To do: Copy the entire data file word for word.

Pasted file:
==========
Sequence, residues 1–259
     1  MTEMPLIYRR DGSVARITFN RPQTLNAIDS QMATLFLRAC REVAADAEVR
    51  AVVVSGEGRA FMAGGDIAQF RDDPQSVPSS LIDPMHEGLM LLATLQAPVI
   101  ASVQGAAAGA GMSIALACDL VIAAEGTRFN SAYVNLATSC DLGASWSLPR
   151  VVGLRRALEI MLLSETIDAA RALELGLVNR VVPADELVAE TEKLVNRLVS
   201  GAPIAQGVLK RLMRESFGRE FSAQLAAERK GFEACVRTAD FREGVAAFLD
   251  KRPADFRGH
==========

Sequence, residues 1–259
     1  MTEMPLIYRR DGSVARITFN RPQTLNAIDS QMATLFLRAC REVAADAEVR
    51  AVVVSGEGRA FMAGGDIAQF RDDPQSVPSS LIDPMHEGLM LLATLQAPVI
   101  ASVQGAAAGA GMSIALACDL VIAAEGTRFN SAYVNLATSC DLGASWSLPR
   151  VVGLRRALEI MLLSETIDAA RALELGLVNR VVPADELVAE TEKLVNRLVS
   201  GAPIAQGVLK RLMRESFGRE FSAQLAAERK GFEACVRTAD FREGVAAFLD
   251  KRPADFRGH